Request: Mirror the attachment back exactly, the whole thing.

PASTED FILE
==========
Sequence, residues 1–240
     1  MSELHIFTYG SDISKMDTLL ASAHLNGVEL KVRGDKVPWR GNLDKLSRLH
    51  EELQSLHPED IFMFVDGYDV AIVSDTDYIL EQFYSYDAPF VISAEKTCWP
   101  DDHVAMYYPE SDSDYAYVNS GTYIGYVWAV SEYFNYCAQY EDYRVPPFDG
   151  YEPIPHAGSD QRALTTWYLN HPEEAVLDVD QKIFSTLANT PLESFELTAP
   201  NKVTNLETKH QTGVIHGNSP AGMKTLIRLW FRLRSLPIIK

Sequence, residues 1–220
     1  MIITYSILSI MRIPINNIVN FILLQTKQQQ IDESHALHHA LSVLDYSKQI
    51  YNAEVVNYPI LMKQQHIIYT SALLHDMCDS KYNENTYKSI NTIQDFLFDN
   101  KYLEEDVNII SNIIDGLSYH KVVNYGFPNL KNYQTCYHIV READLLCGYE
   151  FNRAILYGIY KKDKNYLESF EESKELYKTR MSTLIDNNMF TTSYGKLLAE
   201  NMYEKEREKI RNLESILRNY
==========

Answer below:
Sequence, residues 1–240
     1  MSELHIFTYG SDISKMDTLL ASAHLNGVEL KVRGDKVPWR GNLDKLSRLH
    51  EELQSLHPED IFMFVDGYDV AIVSDTDYIL EQFYSYDAPF VISAEKTCWP
   101  DDHVAMYYPE SDSDYAYVNS GTYIGYVWAV SEYFNYCAQY EDYRVPPFDG
   151  YEPIPHAGSD QRALTTWYLN HPEEAVLDVD QKIFSTLANT PLESFELTAP
   201  NKVTNLETKH QTGVIHGNSP AGMKTLIRLW FRLRSLPIIK

Sequence, residues 1–220
     1  MIITYSILSI MRIPINNIVN FILLQTKQQQ IDESHALHHA LSVLDYSKQI
    51  YNAEVVNYPI LMKQQHIIYT SALLHDMCDS KYNENTYKSI NTIQDFLFDN
   101  KYLEEDVNII SNIIDGLSYH KVVNYGFPNL KNYQTCYHIV READLLCGYE
   151  FNRAILYGIY KKDKNYLESF EESKELYKTR MSTLIDNNMF TTSYGKLLAE
   201  NMYEKEREKI RNLESILRNY